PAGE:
How to get OKRs in Jira
Steps to turn OKRs into a roadmap and then into Jira
By Humphrey Fredriksz
OKRs are a great method to align with your business and stakeholders on what has priority, when it adds value and it gives your agile team focus and freedom to define the best solution. Unfortunately, OKR’s are most often written in excelsheet or powerpoint or at least not in JIRA. So, how do you transform your OKRs into JIRA and be able to track progress. This is a great way to have your team actually working on the OKRs.
You can start with the OKRs and then create a roadmap or start the other way around. Most important is that your team is involved, and you have a good understanding of the dependencies and complexity. Some teams first define their roadmap, see if dependencies can be managed and then commit to the OKRs. Below, I will describe it from the scenario where you start with OKRs.
“There are techniques like ‘magic estimations’ or ‘T-shirt size’ estimations to plan your roadmap. The scrum master can facilitate, and the product owner represents the business requirements.“
1. Get the business priority
Together with your stakeholders you work on the top of the backlog and retrieve as much information as possible at this time. This way your team can add the most business value. Normally, you would start at least one month before the new quarter starts. This gives your team enough time to get the information they need to do high level estimations and define dependencies. You already try to high level place your item in some kind of roadmap.
2. Manage dependencies
Before committing to your roadmap, it’s critical to align with other teams you are depending on. One of the key steps in the OKR alignment process is to get commitment from other teams to support your OKR, they also need to plan in, get a good understanding of the issue and working during the quarter with your team. No commitment on dependencies high probably leads to informing stakeholders that your team can’t deliver.
3. Define how much you can plan in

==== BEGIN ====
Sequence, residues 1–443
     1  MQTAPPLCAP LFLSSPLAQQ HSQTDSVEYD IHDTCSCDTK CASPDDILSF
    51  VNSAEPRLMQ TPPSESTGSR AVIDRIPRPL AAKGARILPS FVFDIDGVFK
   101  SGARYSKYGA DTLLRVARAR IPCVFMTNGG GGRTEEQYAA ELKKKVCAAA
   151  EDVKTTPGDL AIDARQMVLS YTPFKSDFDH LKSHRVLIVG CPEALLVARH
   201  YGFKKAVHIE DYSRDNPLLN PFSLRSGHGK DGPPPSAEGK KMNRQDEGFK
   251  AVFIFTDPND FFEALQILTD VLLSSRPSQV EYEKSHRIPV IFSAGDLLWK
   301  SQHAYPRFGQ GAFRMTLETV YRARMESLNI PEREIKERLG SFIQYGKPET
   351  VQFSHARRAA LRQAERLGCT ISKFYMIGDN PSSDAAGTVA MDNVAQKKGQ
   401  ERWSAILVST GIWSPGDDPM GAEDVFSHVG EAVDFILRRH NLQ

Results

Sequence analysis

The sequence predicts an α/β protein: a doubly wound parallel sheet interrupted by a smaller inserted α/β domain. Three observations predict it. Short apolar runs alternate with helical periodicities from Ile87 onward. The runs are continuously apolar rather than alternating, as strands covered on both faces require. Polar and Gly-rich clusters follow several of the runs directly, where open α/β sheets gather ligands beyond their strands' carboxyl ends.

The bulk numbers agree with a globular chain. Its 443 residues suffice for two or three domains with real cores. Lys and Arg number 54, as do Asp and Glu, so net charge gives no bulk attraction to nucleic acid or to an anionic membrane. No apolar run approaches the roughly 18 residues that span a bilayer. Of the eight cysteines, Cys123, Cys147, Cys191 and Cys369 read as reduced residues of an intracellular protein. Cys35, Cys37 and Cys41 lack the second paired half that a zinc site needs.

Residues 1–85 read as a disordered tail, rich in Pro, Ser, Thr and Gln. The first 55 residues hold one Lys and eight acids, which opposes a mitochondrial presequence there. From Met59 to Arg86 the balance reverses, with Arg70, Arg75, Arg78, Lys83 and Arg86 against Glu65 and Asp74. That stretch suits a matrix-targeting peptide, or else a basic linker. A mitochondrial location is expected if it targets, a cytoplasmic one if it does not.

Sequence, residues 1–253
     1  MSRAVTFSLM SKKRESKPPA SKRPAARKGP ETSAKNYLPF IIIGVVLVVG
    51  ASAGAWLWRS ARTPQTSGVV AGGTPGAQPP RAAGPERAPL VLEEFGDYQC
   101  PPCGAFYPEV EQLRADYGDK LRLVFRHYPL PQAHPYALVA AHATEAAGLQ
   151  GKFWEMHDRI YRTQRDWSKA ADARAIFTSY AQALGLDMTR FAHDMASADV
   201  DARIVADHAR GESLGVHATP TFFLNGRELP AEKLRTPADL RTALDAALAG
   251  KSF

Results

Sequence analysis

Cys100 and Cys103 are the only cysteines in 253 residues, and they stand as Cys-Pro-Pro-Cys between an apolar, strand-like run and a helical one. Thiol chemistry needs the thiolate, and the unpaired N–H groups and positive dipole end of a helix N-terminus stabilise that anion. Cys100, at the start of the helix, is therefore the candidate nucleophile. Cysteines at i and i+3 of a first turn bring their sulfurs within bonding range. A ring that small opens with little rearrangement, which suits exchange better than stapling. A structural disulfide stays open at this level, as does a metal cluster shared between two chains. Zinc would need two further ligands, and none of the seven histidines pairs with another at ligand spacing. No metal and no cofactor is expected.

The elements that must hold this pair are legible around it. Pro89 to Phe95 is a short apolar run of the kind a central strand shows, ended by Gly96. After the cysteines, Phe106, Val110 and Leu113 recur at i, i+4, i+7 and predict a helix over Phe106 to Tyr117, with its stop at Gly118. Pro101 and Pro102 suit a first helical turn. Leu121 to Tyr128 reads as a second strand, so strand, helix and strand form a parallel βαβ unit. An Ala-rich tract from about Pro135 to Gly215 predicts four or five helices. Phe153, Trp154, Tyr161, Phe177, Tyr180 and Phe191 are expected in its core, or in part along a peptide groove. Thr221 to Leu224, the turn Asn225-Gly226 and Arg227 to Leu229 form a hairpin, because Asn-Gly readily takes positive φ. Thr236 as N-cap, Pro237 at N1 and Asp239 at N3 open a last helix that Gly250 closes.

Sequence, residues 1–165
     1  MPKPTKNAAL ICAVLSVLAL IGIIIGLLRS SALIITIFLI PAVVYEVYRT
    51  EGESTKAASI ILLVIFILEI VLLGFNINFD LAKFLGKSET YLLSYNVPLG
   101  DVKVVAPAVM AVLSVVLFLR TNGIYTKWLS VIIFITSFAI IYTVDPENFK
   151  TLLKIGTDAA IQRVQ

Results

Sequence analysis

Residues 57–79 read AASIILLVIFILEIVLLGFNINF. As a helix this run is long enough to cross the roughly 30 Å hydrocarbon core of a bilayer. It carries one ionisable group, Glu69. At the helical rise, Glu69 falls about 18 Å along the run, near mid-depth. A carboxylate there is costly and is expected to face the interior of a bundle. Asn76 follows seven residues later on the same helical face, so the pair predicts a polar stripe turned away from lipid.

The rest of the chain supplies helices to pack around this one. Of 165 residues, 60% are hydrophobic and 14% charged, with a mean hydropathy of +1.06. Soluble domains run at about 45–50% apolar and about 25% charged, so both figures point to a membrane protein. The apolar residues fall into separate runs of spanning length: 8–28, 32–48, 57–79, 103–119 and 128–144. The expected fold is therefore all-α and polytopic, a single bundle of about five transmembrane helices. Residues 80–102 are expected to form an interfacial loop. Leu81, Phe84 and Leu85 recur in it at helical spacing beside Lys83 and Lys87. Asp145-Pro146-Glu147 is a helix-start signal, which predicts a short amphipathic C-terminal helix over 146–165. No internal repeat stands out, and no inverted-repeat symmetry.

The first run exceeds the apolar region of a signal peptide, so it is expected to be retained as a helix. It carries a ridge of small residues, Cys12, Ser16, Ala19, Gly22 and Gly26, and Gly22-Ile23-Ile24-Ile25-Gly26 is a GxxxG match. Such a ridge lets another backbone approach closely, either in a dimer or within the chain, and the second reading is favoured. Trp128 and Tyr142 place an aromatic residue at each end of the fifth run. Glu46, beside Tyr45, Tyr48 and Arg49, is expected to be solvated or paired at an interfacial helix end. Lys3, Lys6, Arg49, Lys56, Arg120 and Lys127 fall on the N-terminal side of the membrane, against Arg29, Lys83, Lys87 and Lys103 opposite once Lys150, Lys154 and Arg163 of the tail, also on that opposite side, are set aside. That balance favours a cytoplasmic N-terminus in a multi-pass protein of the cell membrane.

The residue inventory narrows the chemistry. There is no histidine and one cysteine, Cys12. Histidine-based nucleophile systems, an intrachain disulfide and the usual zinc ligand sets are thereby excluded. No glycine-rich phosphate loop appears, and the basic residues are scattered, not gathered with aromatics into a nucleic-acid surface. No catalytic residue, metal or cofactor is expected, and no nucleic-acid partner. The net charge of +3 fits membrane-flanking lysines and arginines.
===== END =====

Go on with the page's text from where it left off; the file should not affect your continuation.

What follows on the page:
But how much can you do in one quarter? Planning 3 months ahead is challenging for many teams and some are even too afraid to commit. Even if you don’t know exactly what the solution is, the team should feel comfortable to estimate the size of the epics. There are techniques like ‘magic estimations’ or ‘T-shirt size’ estimations to get your answers. The scrum master can facilitate, and the product owner represents the business requirements.
4. How much can you commit to?
Next steps is to get more detailed on sprint level. Based on how much you can burn per sprint (Velocity), you can aim at planning 70-80% of your capacity for the OKRs. This is a rule of thumb, but each team needs to do this based on their learnings. If you do have many production issues, then it’s better to reservice more time for maintenance and improvements, maybe 60/40 or even 50/50 if you are expecting many adhoc requests.
5. Deal with complexity
If your team doesn’t have enough learnings because they are just getting started. It makes sense to take some time (not weeks) to look at the requirements in a bit more detail, before committing. Run a proof of concept or spike to find out the real complexity. You can do a so called sprint 0. You can address items are architecture, alignment with other teams and make sure the team has all the needed tools to actually start developing. It’s understandable that starting with a new team can bring uncertainties, the solution is the plan in more detail the steps.
6. Convert roadmap items into Jira
Once the development team has given their commitment to the OKRs, you can turn the roadmap items into epics. Where OKR’s are based on business objectives, your epics are a conversion to deliverables. Items which a scope which the development teams can break down in user stories and subtasks. It’s best if epics don’t take more than 2 sprints. You can easily create them in JIRA and add their T-shirt size and description. By using the ‘roadmap’ settings (next gen JIRA), you are able to plot the epics in time.
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